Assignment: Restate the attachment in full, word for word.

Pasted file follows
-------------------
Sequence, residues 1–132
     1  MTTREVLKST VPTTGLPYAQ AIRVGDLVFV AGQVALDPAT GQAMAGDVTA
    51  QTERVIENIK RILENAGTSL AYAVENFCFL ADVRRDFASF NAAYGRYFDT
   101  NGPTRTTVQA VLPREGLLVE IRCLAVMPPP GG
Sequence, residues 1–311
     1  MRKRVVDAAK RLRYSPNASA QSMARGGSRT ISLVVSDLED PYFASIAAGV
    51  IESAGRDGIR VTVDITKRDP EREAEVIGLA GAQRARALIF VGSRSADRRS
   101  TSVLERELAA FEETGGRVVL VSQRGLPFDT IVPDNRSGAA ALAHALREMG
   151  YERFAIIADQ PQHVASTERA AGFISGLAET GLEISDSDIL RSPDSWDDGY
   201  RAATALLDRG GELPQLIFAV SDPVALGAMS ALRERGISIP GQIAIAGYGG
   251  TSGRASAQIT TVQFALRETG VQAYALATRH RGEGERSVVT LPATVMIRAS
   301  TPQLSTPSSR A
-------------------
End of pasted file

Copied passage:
Sequence, residues 1–132
     1  MTTREVLKST VPTTGLPYAQ AIRVGDLVFV AGQVALDPAT GQAMAGDVTA
    51  QTERVIENIK RILENAGTSL AYAVENFCFL ADVRRDFASF NAAYGRYFDT
   101  NGPTRTTVQA VLPREGLLVE IRCLAVMPPP GG
Sequence, residues 1–311
     1  MRKRVVDAAK RLRYSPNASA QSMARGGSRT ISLVVSDLED PYFASIAAGV
    51  IESAGRDGIR VTVDITKRDP EREAEVIGLA GAQRARALIF VGSRSADRRS
   101  TSVLERELAA FEETGGRVVL VSQRGLPFDT IVPDNRSGAA ALAHALREMG
   151  YERFAIIADQ PQHVASTERA AGFISGLAET GLEISDSDIL RSPDSWDDGY
   201  RAATALLDRG GELPQLIFAV SDPVALGAMS ALRERGISIP GQIAIAGYGG
   251  TSGRASAQIT TVQFALRETG VQAYALATRH RGEGERSVVT LPATVMIRAS
   301  TPQLSTPSSR A